Pluck 'em! My 91-year-old mother fondly remembers the summers of the late 1920s and '30s, when she and her siblings would catch Japanese beetles by the jarful. Back then Philadelphia had large infestations of them. We still have Japanese beetle problems, but not nearly as bad as when they were first spotted in the U.S. on iris bulbs in a nursery near Riverton in 1916. At that time, populations were very high in our area because we were close to the source, there were no known predators, and it's likely the beetles had been here for some time before they were discovered. Today, birds and skunks eat the grubs, which hatch from larvae and turn into adult beetles that plague our lawns in late fall and early spring by eating the roots of the grass and causing large bare spots. They also eat field crops and ornamental plants. Milky spore, a naturally occurring bacterium in concentrated powder form, can be used to control grubs. Apply when the ground is warm; only one treatment is necessary. I did this 10 years ago and have never needed to do it again. The few grubs I get are eaten by birds. Adult beetle activity usually peaks in July and August. Feeding beetles are best controlled by picking them off whatever they're eating and putting them in a jar filled with soapy water. If there are too many to hand pick, natural products such as neem or pyrethrins can be applied. Recent research has shown that beetle traps with pheromones inside work best when located several hundred feet from the garden — not in it, as the lure seems to attract ever more beetles who bypass the trap and head straight to the garden to eat. They can ravage a vast array of plants, including roses and sassafras trees. One of their natural predators is the anchor bug, closely related to the stink bug. Who would have guessed?

Repeat and ... repeat again. Planting the same crop in succession is a great way to make sure you'll get the quantities you need for preserving. Staggering vegetable planting also assures that you'll have a long, continuous stream of food rather than lots all at once. You can replant cucumbers, squash, miniature pumpkins, and romaine lettuce right now, as well as the perennial flowers you didn't get to earlier in the season.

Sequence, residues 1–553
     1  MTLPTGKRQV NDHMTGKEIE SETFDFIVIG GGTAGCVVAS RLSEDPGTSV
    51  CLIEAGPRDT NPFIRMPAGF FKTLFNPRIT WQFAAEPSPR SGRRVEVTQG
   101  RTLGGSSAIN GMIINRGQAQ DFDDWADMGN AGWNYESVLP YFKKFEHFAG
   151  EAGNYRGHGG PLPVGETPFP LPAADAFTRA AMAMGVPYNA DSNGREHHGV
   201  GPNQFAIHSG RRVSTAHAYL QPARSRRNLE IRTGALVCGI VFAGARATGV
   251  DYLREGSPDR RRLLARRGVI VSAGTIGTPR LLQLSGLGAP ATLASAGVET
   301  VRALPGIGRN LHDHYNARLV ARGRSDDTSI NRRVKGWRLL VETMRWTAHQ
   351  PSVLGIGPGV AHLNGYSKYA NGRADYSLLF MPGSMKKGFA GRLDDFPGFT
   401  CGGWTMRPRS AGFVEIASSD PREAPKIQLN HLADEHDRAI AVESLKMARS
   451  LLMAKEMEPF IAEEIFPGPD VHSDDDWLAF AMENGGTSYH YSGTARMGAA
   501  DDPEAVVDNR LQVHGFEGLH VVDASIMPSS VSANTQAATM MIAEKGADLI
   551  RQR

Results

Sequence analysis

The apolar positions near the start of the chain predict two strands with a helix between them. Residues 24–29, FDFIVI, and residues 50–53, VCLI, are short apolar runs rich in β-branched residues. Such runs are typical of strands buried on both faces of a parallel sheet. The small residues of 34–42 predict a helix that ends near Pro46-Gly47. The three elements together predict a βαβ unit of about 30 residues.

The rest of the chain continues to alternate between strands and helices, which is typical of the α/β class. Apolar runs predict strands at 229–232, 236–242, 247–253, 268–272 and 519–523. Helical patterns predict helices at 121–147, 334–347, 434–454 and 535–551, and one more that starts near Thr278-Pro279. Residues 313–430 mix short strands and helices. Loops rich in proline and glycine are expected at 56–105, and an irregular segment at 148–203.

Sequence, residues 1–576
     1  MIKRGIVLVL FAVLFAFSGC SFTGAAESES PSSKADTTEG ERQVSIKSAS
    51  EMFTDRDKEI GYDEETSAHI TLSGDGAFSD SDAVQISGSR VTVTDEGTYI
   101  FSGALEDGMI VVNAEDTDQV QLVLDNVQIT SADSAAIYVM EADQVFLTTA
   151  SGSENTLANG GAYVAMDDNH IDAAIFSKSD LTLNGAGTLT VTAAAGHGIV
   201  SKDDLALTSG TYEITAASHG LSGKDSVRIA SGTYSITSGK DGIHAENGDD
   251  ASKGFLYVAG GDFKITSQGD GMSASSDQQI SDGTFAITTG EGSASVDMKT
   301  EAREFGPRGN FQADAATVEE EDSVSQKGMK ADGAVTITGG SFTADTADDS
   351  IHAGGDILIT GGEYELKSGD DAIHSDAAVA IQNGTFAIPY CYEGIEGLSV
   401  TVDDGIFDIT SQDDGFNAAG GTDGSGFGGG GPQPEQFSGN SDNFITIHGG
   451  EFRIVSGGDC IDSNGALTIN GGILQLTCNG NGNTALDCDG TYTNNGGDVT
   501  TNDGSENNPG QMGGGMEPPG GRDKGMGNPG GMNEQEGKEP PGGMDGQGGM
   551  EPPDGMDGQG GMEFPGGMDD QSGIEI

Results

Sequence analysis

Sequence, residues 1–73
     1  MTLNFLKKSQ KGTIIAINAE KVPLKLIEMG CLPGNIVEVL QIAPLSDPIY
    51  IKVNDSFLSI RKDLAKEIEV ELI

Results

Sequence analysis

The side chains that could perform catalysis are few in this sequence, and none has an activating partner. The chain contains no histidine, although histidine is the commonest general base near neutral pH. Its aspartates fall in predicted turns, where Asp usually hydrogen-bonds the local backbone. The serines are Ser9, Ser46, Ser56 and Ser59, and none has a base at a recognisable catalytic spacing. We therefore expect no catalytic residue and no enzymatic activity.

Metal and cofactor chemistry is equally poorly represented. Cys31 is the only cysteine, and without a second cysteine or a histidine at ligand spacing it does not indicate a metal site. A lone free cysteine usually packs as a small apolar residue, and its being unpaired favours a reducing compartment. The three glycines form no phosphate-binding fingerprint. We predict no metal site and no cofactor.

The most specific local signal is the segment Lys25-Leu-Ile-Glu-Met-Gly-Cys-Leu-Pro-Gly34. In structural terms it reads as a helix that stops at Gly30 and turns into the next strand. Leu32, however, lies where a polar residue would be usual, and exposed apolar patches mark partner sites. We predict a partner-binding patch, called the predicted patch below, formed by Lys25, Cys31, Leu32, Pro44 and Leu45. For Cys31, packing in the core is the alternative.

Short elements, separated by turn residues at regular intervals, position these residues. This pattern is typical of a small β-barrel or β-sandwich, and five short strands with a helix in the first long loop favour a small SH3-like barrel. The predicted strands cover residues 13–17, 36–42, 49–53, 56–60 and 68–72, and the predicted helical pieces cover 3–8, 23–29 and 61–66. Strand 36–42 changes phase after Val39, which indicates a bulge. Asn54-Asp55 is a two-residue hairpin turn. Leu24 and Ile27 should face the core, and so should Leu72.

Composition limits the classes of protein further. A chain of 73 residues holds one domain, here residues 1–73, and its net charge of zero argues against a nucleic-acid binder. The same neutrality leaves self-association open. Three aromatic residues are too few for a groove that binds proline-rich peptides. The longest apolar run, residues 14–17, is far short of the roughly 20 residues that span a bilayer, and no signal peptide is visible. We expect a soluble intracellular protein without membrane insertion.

Gather more seed. This past week I cut back seed pods from columbine. I like to scatter some of the seeds in the garden so I'll have plants again next year and then harvest the rest. Put the pods head down in a large plastic bag so the seeds fall out as they dry. (I leave the bag open in an area where the pods can dry fully.) Once that's done, the pods can be sprayed different colors or left natural and used for holiday arrangements. You can also start harvesting money plant. (If you wait too long to do this, the quality of the dried plant is diminished.) Lay the stems out on a table, stand in a large container or hang upside down until thoroughly dried. Retrieve the seeds — silver disks that look like coins — by removing the two sheaths that protect them. High-quality money plant will last for several years. You can combine the columbine and money plant seeds and scatter the whole lot in wooded areas to continue the cycle of both plants. Each provides a richly colorful bloom in the spring. Fill in those bare spots. After removing the last of the dried spring bulb foliage from the garden, you can close the gaps with zinnias, cosmos, cleome, and other sun-loving favorites. If your blank spots are in partial shade, fill in with coleus, Plectranthus ‘Mona Lavender,' caladiums, begonias, colocasia, and alocasia. I like to add houseplants to the mix, things like crotons, containers of nonhardy cactus/succulents, and palm trees. Of course, these would need to be brought back into the house before frost, but till then, they help create a robust garden visual with a tropical feel.

Hang 'em high — and low. Orchids love being outdoors in summer. Our horticulture staff at the Ambler Arboretum at Temple University hangs the orchid containers from trees, being sure to wrap strips of burlap around the trees where the pots are hung. This simple system keeps the pots in place and prevents them from rubbing against the trunk. When walking through this concentration of orchids, in the courtyard outside our Cottage Complex, you're enveloped by the luscious fragrance of happy plants. The orchids thrive in the humidity and ample air circulation of the outdoors — and look very cool, besides.

Eva Monheim is a certified arborist, master floral designer, and fulltime lecturer in horticulture at Temple University Ambler; she is also an instructor at Longwood Gardens in Kennett Square. Contact her at emonheim@temple.edu